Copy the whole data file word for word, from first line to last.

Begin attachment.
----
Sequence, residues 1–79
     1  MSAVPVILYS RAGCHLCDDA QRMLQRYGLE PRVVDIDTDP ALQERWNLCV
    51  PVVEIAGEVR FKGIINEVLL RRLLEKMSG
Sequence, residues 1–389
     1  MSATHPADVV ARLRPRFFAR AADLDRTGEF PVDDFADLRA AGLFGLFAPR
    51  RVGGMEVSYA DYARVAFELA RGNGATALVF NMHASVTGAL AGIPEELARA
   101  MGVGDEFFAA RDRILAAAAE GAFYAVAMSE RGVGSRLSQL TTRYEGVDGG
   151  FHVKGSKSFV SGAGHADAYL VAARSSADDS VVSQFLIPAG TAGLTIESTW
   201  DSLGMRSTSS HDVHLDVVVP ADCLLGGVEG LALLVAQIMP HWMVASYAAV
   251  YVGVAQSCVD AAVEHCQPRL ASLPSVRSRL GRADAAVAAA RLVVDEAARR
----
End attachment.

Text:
Sequence, residues 1–79
     1  MSAVPVILYS RAGCHLCDDA QRMLQRYGLE PRVVDIDTDP ALQERWNLCV
    51  PVVEIAGEVR FKGIINEVLL RRLLEKMSG
Sequence, residues 1–389
     1  MSATHPADVV ARLRPRFFAR AADLDRTGEF PVDDFADLRA AGLFGLFAPR
    51  RVGGMEVSYA DYARVAFELA RGNGATALVF NMHASVTGAL AGIPEELARA
   101  MGVGDEFFAA RDRILAAAAE GAFYAVAMSE RGVGSRLSQL TTRYEGVDGG
   151  FHVKGSKSFV SGAGHADAYL VAARSSADDS VVSQFLIPAG TAGLTIESTW
   201  DSLGMRSTSS HDVHLDVVVP ADCLLGGVEG LALLVAQIMP HWMVASYAAV
   251  YVGVAQSCVD AAVEHCQPRL ASLPSVRSRL GRADAAVAAA RLVVDEAARR